“Daddy-Ball”, huh?

When we started the Gamers program in 2007, my youngest son was 16 years old and a charter member of the Gamers.  The “established” team program in the area wrote a scathing post in STLTODAY’s sports forum (anonymously of course), calling the Gamers “daddy-ball”.  It was the first time I had heard that term, but I knew it probably was not a good thing.  It has bothered me since because the term was clearly directed at me, not Dave, Scott or Matt.

Now it has been 7 seasons since my son was a Gamer and I have been coaching as a non-dad.  I am a much better baseball coach now than I was then.  And, the Gamers now have paid coaches up and down the organization, and exclusively from 14 up.

It takes a really special person to be a good dad coach.  I was terrible at it.  But, these exceptional people are around.  We have had some incredibly good dad coaches in our program over the years, who run their teams like Gamers teams and graduate great players at 15u into in the Gamers HS program.  These coaches do an excellent job and go above and beyond in achieving the goals of the Gamers program.  I have tremendous respect for these guys and the Gamers program has been built on their efforts.  With these guys, it is nowhere close to “daddy-ball”.

But, unfortunately, they are the exception.

So, what is “d-ball”?

It is coaching baseball with the primary mission/goals focused on the coach not around the players.  “D-ball” coaches are not necessarily bad people, they are just coaching for the wrong reasons.

No one admits to being a “d-ball” coach.  But, it is easy to spot using some telltale signs:

How They Act  and Talk:

A lot of emphasis on recruiting and behind the scenes deals to get early puberty and physically developed players surrounding the coaches’ son(s)  — they pretty much know every kid’s name on every team in the age group and treat them like chess pieces.

On the phone a whole lot with parents.  More time talking to parents, than talking to the players

Lot’s of opinions on other players, based on limited observation data and limited experience in talent evaluation (BTW — college coaches would NEVER listen to a dad coach)

Smug sales pitch focused on their “selling point”– telling people what they want to hear, like “all the best players, etc..”.  If it sounds too good to be true …

Big focus on results, little focus on process of playing baseball

Big focus on now, little focus on 3 years from now

Drama … in the dugout, on the field, and in the stands.

Small rosters and pick-up players to maximize that “last roster spot” (i.e. players as chess pieces — if the roster is full, it’s hard to play chess)

How They Practice and Play

Systematic favoritism – OK with some parents as long as their son is on favorites list.  But, eventually players hurt on both sides of this equation.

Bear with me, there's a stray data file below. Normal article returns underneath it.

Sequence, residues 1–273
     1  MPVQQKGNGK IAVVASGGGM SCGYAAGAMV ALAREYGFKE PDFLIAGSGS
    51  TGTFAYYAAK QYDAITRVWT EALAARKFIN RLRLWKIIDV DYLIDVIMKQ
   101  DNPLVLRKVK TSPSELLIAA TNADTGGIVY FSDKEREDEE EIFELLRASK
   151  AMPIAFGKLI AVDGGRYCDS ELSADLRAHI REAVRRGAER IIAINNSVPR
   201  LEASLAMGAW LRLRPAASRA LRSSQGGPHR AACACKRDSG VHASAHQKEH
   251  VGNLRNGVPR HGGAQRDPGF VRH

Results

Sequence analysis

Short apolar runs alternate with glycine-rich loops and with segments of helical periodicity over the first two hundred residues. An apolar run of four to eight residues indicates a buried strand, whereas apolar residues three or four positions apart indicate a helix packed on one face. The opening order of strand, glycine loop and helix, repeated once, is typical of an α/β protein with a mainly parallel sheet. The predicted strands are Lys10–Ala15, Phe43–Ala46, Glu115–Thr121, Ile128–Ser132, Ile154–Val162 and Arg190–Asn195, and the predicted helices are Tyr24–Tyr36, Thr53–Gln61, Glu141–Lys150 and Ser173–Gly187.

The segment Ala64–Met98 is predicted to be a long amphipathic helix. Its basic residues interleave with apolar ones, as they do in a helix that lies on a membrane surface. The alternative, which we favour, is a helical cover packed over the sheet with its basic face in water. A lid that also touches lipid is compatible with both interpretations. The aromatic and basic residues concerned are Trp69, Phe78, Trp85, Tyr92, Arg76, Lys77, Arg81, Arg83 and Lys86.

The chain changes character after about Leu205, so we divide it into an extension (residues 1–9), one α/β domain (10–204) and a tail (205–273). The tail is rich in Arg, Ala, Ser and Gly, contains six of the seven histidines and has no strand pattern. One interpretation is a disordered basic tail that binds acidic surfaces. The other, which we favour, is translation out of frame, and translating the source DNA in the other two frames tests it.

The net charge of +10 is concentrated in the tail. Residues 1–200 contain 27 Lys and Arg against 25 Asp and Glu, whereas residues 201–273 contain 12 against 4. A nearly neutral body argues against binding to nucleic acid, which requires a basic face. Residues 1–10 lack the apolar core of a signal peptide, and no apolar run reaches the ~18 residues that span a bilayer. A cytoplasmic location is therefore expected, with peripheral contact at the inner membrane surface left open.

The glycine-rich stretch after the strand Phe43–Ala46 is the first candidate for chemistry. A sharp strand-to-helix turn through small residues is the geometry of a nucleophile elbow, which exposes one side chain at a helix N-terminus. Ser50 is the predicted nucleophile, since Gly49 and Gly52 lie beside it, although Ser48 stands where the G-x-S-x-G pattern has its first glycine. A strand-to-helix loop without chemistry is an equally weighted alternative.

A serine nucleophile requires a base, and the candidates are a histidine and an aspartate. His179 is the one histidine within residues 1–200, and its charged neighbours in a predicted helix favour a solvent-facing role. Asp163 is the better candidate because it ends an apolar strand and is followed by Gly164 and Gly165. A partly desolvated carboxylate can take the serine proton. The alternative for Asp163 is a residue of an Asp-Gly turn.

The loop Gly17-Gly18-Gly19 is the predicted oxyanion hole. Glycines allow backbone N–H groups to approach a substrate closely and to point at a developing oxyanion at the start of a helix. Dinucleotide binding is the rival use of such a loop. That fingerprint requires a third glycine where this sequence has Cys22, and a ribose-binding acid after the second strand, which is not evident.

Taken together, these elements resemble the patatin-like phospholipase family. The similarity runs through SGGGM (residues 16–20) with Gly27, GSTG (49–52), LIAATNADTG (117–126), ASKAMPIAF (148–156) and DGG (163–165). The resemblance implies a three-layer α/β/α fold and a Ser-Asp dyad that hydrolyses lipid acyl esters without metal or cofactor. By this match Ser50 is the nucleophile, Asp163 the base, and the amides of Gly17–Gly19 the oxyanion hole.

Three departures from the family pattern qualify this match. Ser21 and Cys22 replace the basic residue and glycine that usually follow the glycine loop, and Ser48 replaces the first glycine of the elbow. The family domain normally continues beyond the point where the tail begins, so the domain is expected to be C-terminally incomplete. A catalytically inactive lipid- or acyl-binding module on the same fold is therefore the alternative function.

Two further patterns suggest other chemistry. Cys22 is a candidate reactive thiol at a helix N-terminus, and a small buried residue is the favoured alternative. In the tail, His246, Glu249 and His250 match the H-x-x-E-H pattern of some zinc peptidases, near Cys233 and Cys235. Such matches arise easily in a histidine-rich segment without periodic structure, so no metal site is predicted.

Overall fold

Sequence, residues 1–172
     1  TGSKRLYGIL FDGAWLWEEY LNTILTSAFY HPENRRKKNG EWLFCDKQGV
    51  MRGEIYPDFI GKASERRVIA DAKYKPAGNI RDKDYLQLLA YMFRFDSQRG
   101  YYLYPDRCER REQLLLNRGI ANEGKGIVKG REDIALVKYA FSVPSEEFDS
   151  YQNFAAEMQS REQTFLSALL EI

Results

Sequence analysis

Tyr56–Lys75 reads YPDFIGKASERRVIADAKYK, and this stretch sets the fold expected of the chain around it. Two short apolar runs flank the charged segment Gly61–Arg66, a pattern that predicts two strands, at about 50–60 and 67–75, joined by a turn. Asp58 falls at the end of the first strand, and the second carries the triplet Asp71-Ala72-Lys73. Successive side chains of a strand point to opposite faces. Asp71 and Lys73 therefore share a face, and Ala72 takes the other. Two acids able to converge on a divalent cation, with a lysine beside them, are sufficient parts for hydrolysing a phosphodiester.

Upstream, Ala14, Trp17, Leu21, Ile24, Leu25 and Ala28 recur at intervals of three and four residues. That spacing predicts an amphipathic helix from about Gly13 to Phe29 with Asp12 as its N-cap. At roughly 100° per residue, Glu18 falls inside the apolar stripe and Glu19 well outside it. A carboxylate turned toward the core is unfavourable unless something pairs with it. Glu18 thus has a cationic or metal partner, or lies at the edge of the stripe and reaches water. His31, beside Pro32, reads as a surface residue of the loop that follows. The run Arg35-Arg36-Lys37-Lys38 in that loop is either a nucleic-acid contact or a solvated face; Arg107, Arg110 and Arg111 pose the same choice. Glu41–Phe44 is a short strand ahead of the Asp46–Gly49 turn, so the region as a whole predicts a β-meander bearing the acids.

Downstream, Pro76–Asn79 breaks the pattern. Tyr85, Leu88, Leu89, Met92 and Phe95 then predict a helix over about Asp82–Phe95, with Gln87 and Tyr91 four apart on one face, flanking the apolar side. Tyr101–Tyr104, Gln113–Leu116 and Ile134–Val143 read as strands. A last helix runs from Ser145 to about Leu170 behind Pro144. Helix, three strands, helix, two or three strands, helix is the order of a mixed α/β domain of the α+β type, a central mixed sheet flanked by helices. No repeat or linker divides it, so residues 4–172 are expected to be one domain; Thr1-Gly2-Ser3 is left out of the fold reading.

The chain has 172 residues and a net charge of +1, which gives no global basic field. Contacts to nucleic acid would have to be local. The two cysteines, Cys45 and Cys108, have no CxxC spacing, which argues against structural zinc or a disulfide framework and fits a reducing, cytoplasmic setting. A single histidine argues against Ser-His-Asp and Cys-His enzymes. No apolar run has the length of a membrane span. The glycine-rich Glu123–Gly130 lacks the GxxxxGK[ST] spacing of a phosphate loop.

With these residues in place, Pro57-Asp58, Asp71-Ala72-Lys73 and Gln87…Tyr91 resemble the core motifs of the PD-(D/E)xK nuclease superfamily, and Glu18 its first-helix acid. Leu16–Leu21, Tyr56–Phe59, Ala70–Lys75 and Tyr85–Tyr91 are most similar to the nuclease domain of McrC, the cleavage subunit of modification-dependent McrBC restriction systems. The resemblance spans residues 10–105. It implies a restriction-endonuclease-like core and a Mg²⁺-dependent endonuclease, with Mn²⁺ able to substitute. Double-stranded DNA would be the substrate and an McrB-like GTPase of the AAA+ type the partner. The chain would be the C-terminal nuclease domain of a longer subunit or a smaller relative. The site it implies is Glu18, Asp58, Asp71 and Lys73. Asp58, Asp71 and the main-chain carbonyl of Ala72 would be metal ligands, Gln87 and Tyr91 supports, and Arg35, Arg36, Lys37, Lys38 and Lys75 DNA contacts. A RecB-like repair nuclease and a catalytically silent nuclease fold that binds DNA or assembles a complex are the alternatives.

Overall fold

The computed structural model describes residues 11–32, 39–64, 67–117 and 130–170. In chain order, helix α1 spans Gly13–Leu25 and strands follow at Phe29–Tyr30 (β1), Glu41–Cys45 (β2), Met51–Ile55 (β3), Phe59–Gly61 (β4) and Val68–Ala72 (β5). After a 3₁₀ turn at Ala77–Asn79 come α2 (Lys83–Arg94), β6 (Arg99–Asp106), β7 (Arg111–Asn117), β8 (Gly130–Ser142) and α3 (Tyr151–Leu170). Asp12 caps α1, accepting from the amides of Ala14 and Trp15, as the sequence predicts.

Poor practice organization, because everything is done from the dad’s perspective.  Lots of standing around in lines for ground balls and cage time, with limited instruction or development of core skills — like arm strength, footwork or bat speed.  But, the dad coach is busy all practice.

Results based instruction — fielding a groundball with bad technique is rewarded, booting a groundball with proper technique is criticized.

Batting orders and positional lineups built around the favorites

No focus on athletic training and nutrition as the players get older.  This really hurts players as they progress to 13 and 14u.

Pouting and negative body language after mistakes are made. Drama on the field, in the dugout and in the stands.

Little true energy put into playing the game right.  Just lots of words with no enforcement, especially if son is culprit. I have never seen a d-ball team where the pitcher backs up bases — almost always in the middle of the field pouting after a double.

The scoreboard matters more than how the team plays.  

When discussing a loss,  immediately jump to BLAME — always one particular play from one particular player — ignoring the other 20 outs in the game.  It’s always “that one play” .  Reality of course is that is NEVER that one play in baseball.

That’s how you spot a “d-ball” team.  Sadly, we have had a few in our program as the years have passed.  It never works out.

Some “d-ball” teams can be very talented and win lots of games and trophies if the coach is a good recruiter and has a good sales pitch.  Heck, some club programs have become the umbrellas organizations for “d-ball” teams. It is easy to sell jerseys, rent cage time and just outsource coaching to “d-ball” coaches with their own  agendas.  It’s easy for the club and works well for the “d-ball” coach looking out for his own interest.

But, the “d-ball” process eventually ends the same way …. other players catch up physically, the sales pitch wears thin and parents/players get a clue and start looking out for their longer term self interest.   At this point, the players unfortunately have to jump off onto a steep learning curve on how to play the game right.   Sometimes, there is nowhere to jump to.

Why do parents put their sons in these situations? I am not sure, but my guess is that:

  • It feels good temporarily — everyone is looking for easy success (note — in baseball it does not exist for 99% of players)
  • The sales pitch tells them what they want to hear, and they do not see through it
  • They are on on the positive side of favoritism (at least temporarily)
  • Some parents enjoy the drama, politics and water cooler talk.  So, it’s  a good fit for the parents.
  • They do not truly understand the alternative model, which is more work, harder, imposes discipline and is challenging
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